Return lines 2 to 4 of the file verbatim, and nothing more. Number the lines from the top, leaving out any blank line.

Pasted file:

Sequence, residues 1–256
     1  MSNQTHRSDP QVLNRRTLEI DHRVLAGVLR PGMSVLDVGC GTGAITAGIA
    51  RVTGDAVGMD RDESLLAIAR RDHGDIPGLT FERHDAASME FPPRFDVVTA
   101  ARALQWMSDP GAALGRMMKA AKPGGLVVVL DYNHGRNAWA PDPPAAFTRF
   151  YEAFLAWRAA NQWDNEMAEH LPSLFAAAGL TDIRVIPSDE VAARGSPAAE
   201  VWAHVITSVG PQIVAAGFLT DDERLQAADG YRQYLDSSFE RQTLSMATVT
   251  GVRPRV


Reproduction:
     1  MSNQTHRSDP QVLNRRTLEI DHRVLAGVLR PGMSVLDVGC GTGAITAGIA
    51  RVTGDAVGMD RDESLLAIAR RDHGDIPGLT FERHDAASME FPPRFDVVTA
   101  ARALQWMSDP GAALGRMMKA AKPGGLVVVL DYNHGRNAWA PDPPAAFTRF